Hannah 1 didn't protest, she just grew pale and took her away from him. As she didn't seem to object, the class grew quiet again except for some suppressed protests from John. Ignoring those, Alan went on explaining the procedures sent to him by the makers of Runaround...

Alan congratulated himself in silence. This was over and done with much easier than he expected. Since this was not about learning material, Hannah's father was not likely to protest and everybody else, including the PTA, was happy over this selection.
As for the lesson Hannah learned today? Well, that was her problem, not his.

Tuesday, August 18, 2015

Desperately Seeking ...

I have written an article for the Los Angeles Argonaut, but it wasn't published. So I'm publishing it here.
Anyone who can help me, please leave a comment or send a mail  (be creative, check linked-in or my website or  ...)

You have given me hope”

It's not just long term friends who can change your life. A short exchange of words with a stranger can be enough. You may gain a new insight, or new strength to hang in and fight some more. Helping you win that heartfelt battle. Those strangers, popping by just once at the right time seem God sent. Stand-in angels.
Is it thwarting Fate, our Creator, karma, to try to get in touch again if such an encounter is etched into your heart?

I'm thinking of one young man I met on the corner of Santa Monica Blvd and the 3d Street Promenade in Santa Monica, May 2013. He was in a wheelchair, at his feet a cute dark gray little dog and a cardboard with a lengthy text. No doubt explaining why he was asking for money.
When I see words, I must stop and read, so I walked over, my son in my wake. Yet my eyes never finished the first line. The dog was already between me and the cardboard, begging to be petted, tail wagging like mad, eyes glowing with friendliness. Dogs being more interesting than written words, my son and I went down on our knees to rub and pet and compliment her owner on having such a happy dog.
“I call her Love Bug” the man explained. Was he in his early thirties, or am I wrong, do I remember a few lighter hairs in his short, well groomed beard? “She means a lot to me, giving me so much warmth.” I saw gentleness and warmth in his eyes as well. He thanked me for the banknote I had kept hidden in my hand until then and started telling us why he was begging.

He's had epilepsy all his life, severe grand mal seizures with a very high frequency. Debilitating and life threatening. Only recently had he ran into a specialist who discovered something vital: the seizures could be kept under control by a diet. It was all just starting up, the diet not completely worked out yet, but already the young man had profited from regaining some strength. No longer losing energy in an endless row of convulsions and tremors he had managed to obtain a new and better suited wheelchair and GR. However... the benefit was insufficient for the special dietary food. The money he got from begging allowed him to buy that. Not begging meant going back to daily seizures and tremors.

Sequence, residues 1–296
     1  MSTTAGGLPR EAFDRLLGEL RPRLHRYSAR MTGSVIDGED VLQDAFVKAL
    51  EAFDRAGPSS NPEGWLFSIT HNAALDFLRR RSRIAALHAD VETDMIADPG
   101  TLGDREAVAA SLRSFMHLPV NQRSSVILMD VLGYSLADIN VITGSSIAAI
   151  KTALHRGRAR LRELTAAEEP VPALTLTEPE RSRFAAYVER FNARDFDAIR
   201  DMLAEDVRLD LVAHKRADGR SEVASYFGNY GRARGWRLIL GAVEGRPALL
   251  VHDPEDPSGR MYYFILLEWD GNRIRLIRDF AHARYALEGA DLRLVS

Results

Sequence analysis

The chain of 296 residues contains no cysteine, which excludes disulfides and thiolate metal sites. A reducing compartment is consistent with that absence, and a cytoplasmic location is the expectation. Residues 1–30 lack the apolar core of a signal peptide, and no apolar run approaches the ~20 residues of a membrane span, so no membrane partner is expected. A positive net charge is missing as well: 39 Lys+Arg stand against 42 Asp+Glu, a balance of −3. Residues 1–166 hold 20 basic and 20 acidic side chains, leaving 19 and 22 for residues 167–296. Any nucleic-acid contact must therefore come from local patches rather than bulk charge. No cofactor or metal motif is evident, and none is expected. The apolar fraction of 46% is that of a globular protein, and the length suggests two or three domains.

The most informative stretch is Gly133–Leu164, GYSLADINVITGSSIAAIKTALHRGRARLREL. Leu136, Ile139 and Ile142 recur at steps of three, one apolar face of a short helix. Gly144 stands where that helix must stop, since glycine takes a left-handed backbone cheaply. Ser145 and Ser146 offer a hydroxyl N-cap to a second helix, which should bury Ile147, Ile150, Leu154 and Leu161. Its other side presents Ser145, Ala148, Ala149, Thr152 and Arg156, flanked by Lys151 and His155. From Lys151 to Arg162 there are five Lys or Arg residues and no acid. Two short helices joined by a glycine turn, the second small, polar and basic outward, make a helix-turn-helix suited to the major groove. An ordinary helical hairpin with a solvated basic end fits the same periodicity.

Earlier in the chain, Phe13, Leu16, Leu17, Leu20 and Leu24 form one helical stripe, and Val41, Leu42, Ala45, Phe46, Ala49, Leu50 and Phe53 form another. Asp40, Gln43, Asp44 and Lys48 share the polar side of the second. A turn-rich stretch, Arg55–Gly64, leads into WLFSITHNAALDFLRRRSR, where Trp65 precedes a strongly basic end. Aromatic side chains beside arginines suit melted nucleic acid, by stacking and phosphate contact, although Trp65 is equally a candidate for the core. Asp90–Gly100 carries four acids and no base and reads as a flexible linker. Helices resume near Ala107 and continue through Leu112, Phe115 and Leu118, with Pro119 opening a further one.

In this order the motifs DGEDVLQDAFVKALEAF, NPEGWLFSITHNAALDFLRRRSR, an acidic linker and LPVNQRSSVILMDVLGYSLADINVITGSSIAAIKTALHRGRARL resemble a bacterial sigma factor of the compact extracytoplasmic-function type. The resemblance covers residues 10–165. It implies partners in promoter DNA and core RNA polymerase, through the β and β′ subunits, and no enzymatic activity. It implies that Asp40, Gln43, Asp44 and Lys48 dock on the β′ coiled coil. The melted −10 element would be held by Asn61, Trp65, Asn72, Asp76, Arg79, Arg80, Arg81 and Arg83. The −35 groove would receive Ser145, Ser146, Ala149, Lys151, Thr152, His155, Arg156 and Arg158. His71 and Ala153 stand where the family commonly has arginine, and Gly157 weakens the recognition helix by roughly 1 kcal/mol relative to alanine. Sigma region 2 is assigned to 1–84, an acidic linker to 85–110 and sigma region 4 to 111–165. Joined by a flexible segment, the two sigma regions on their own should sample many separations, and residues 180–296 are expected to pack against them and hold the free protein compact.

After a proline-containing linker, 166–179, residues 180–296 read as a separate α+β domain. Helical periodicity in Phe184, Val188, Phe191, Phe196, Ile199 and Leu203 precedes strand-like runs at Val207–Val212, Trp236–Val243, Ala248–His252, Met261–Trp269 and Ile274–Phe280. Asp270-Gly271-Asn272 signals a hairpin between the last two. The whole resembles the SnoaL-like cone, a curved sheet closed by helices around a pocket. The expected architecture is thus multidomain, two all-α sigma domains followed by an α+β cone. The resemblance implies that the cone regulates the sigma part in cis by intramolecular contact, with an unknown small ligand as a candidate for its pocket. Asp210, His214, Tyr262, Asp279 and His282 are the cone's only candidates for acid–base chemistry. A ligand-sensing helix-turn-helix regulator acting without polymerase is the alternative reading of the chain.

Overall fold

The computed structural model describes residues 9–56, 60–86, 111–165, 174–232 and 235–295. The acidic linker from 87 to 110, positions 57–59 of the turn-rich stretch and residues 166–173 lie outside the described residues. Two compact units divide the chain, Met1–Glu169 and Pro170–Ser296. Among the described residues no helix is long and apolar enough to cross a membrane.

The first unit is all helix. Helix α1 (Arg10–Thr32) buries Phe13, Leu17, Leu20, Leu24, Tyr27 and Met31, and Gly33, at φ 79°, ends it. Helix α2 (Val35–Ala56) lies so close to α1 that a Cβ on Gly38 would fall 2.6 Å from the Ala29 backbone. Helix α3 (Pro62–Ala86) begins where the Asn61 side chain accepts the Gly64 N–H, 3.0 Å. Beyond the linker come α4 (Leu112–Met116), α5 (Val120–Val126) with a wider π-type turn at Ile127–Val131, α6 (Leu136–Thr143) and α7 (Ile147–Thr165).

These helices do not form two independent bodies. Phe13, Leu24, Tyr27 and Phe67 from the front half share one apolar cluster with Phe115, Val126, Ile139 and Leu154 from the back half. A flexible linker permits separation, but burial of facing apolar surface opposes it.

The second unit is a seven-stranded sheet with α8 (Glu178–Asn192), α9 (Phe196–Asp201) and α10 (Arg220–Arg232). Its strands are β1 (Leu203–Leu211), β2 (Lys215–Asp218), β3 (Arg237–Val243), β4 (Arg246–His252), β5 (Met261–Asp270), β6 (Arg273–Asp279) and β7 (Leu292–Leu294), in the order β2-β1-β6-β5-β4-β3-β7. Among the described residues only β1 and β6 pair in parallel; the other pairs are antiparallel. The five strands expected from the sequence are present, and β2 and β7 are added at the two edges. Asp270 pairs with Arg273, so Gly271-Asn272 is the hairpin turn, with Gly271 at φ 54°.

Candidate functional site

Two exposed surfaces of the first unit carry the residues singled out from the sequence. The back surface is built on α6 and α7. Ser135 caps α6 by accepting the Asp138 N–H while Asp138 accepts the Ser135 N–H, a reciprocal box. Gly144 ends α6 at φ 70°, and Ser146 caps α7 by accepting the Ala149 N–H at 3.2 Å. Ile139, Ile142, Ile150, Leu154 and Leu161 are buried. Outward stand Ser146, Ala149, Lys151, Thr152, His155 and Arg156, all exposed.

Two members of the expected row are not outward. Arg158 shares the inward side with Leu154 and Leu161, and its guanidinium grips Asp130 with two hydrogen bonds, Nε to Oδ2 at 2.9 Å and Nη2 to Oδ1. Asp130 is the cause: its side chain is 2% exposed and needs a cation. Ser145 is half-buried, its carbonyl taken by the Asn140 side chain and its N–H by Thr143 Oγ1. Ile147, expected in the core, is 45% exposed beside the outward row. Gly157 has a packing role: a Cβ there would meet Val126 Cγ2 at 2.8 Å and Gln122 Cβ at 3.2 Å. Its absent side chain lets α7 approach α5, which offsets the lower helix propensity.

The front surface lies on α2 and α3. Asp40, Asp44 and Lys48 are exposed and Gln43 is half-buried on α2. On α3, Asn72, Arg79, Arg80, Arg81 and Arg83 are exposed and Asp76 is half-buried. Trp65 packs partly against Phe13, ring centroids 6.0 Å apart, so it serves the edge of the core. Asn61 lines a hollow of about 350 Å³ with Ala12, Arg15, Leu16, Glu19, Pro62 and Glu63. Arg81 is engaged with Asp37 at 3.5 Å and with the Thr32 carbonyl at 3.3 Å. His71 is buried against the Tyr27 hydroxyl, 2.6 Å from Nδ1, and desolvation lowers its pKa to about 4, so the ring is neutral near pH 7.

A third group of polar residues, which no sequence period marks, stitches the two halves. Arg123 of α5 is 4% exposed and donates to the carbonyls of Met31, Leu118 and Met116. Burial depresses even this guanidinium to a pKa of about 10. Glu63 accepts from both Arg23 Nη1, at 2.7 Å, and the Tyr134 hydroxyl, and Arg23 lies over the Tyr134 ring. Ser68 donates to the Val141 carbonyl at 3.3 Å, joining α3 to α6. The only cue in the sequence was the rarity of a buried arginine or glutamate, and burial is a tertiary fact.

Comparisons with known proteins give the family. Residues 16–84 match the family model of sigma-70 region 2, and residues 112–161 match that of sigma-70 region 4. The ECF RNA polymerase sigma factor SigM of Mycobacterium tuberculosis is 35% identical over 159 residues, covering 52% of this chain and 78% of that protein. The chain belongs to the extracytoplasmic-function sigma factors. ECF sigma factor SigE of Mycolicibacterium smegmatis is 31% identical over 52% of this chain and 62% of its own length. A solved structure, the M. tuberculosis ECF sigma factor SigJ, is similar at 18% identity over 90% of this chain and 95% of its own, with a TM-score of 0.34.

As he gave me details of the diet I noticed how well spoken he was and beyond his poverty and desperate state I saw an intelligent and sensitive man. In a flash I saw him in a suit, working at an office. It could be true if only...

If only he would meet that one employer who did not only hire risk-free people. People who are guaranteed to show up at their contracted hours, predictable, available. Yet can one be sure they will perform so well in unexpected situations, situations that require real originality or remarkable tenacity?
I am only an intelligent and highly sensitive person and this condition alone has taught me most employers prefer to hire workers who come by the dozen.
I told Love Bug's owner how I, in The Netherlands, had been receiving my food from the food bank for three years, getting desperate about ever finding work again. But here I was visiting L.A. because I had ultimately managed to get a job. I will not forget the change I saw in his eyes. “Thank you, You have given me hope” he said, from the bottom of his soul. With that he gave me hope in return... that I, my life, does matter to others. Don't we all doubt that at times?

Once I got back to The Netherlands I wondered if there could be a way to do more. I have a masters degree in Biology and though I've never worked as a scientist, I still read articles about neurology and behavior. Proper information might add to the quality of his diet or result in a more affordable version. I might get in touch through the staff of the nearby Italian restaurant whose staff members I've seen spoiling Love Bug with attention and a treat while sharing a joke with her boss.
The result of my internet research for anti-epileptic diets was somewhat ironic.... A very good, if not the best source of information was an organization founded in 1994 to advocate the ketogenic diet for children with difficult-to-control seizures: the Charlie Foundation. Located at 515 Ocean Ave, Santa Monica. One mile from where we had our talk.
Did Love Bug's owner know, was his doctor somehow linked to the Charlie Foundation, or did he choose that corner at the 3d Street Promenade by chance? Odd, to be so hopeless and yet so close to a solution -geographically.

My letter to the restaurant, asking if they could help me get in touch, wasn't answered. Maybe it got lost? Or perhaps ... ? I know epilepsy is a dangerous disease.

I still think of Love Bug and her owner, wondering how they may be doing. This article is my second try to hear about them, hopefully from them. I don't know that I can be of real help, but a little attention is like passing on a bit of love. And thereby hope.